Suffixes Comparison in Gregg Shorthand

The suffixes -ograph and -egraph are represented by an O-hook and an over-E, respectively, in English Gregg Shorthand.

In Portuguese, telegrafia with an over-A loop and taquígrafo with an over-E.

In Italian, telegrafo with an E (like the “ing” dot), fotografo with an O-hook and stenografia with a OA.

In French, photographe with an O-hook and télégraphe with an over-E.

But in Spanish, telégrafo, taquígrafo, topografía, topógrafo and so on with a G sign. Why?

Previous post:
Next post:
6 comments Add yours
  1. In the 1921 edition of Taquigrafía Gregg, the English abbreviations were used (e circle for -é/ígrafo, the loop for -e/igrafía), but that was changed in the 1923 edition. I don't know the reason. I think this also reflects on having 5 different authors for each of the adaptations, right? Can't they all agree on how to do it?

    Those official Spanish suffixes are silly, in my opinion: use the English convention, and reserve the disjoined g for -grama.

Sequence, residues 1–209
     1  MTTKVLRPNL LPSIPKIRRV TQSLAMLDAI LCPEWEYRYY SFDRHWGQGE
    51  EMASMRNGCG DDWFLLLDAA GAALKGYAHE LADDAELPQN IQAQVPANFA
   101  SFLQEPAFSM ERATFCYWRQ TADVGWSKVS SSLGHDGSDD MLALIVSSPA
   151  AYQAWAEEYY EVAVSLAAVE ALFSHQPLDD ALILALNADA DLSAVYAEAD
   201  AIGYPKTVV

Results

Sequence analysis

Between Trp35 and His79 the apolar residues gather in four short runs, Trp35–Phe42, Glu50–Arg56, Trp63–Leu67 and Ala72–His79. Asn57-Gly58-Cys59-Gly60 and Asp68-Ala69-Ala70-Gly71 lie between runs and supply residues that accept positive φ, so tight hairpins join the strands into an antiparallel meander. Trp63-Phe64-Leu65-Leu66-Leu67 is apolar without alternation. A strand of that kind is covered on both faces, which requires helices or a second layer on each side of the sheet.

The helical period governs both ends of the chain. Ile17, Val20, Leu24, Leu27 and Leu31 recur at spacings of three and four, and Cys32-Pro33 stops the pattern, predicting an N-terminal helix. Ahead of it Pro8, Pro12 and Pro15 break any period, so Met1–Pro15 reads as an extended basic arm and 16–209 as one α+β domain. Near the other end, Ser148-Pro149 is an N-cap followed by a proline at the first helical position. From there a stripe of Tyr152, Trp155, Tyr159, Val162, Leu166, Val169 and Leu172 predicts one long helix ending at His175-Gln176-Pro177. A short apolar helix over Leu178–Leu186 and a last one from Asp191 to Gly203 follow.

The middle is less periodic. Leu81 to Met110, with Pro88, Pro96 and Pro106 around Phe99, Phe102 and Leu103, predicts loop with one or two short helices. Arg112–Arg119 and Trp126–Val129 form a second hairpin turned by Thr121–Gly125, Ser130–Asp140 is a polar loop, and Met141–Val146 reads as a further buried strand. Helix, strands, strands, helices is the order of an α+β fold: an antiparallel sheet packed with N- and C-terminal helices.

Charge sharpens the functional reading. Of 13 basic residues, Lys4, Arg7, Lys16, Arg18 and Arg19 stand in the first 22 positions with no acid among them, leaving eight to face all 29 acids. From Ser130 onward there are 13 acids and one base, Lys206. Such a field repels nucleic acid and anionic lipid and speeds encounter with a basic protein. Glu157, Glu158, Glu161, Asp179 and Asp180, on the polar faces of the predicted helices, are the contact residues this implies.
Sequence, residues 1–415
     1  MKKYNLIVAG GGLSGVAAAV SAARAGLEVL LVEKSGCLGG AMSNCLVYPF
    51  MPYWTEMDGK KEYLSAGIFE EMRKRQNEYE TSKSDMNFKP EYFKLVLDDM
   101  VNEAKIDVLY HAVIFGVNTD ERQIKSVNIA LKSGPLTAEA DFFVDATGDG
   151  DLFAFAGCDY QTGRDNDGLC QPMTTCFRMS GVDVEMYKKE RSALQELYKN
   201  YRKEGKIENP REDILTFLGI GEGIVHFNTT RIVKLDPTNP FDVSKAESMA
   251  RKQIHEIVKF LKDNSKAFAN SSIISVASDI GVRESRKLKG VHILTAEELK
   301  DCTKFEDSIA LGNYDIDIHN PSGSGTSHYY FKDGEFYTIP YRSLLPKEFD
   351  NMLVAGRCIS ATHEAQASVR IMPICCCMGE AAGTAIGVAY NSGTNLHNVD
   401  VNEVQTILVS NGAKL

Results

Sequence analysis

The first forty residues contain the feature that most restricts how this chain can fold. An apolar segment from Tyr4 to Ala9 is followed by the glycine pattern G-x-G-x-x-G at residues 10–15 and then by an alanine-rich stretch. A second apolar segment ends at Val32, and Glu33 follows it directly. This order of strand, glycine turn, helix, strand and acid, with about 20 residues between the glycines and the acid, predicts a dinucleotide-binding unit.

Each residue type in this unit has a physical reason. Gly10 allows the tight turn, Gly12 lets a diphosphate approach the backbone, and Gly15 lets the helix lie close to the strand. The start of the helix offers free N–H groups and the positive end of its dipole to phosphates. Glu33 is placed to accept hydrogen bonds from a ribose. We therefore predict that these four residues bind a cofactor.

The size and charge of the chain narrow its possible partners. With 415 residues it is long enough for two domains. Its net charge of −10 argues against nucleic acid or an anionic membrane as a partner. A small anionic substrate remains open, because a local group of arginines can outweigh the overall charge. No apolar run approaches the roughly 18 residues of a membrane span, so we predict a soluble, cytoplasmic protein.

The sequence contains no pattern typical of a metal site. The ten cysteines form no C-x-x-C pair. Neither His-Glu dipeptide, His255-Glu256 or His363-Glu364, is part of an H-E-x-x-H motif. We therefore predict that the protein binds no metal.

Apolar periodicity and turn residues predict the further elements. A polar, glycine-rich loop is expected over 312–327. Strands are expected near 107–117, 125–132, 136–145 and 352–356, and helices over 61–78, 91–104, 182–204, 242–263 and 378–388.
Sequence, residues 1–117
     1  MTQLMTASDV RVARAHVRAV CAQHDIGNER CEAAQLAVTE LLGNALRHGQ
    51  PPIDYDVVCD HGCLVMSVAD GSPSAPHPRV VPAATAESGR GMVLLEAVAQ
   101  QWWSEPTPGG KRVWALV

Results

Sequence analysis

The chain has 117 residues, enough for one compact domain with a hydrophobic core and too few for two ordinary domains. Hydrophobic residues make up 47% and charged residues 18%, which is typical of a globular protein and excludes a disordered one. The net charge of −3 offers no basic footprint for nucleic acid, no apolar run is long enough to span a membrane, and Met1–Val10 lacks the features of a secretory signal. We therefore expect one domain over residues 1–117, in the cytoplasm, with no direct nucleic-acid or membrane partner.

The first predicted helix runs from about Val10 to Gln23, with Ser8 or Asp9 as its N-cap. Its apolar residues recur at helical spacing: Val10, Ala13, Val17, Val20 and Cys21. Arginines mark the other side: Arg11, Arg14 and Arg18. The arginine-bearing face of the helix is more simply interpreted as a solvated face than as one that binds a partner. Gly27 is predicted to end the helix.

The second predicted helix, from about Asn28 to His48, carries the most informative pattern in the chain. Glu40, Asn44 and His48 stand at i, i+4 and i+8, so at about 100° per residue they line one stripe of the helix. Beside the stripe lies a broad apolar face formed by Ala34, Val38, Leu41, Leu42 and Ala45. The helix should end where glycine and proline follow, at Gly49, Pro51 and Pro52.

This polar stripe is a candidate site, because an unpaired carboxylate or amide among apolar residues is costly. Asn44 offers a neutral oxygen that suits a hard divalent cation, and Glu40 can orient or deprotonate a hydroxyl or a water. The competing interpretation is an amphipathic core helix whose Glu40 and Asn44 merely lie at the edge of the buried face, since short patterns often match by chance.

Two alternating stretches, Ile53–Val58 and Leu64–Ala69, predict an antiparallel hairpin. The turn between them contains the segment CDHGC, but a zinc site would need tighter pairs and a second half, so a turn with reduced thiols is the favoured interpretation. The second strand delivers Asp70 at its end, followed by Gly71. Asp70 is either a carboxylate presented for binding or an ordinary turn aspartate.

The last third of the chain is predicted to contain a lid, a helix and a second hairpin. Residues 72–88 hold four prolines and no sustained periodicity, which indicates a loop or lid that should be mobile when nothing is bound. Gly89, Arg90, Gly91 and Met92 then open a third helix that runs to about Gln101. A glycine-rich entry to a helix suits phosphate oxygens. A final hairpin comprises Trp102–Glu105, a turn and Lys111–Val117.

1. Hi Carlos

      Could it be possible to know that 1921 edition… pleeeeease? 😀

      I'll use the English convention for those suffixes.

      Thanks for your answer.


  2. Wow! This looks like a mess. But some of the problem may lie in Gregg's adoption of -egraph and -ograph as word endings.Despite his usually very savvy approach to things, I think these were bad choices. Indeed, they were done away with in Simplified, but that led to awkward full spelling of -graph.

    Now, Series 90 (for English) uses an attached g for -graph. I find that greatly preferable to -egraph and -ograph stuff. For one thing, it's more like the detached g for -gram. Consider these words, and how you might write them in various series of Gregg Shorthand:

    (1) telegram, photogram, pentagram, trigram, diagram;

    (2) telegraph, photograph, pentagraph, trigraph, diagraph.

    There's much greater uniformity here in S90. It's one of the very few things that I think are superior in S90 to what came before.

    1. Hi LVW <– ?

      Very interesting what you have explained; in fact, I prefer joined suffixes such of those you mentioned.
      I think I'll do it that way.


  3. The Gregg way of dealing with -egraph and -ograph seperately is a strange choice. Even back in the day, there only is "telegraph" and that is a single word family.

    If disjoined "a" can represent -atic, -etic, -itic, -otic and -utic, why didn't Gregg choose disjoined "o" to represent -ograph and -egraph. In fact why not -(vowel)graph? This design decision has always baffled me.

    That being said, don't get me started on my disatisfaction of the -tic endings.

Leave a Reply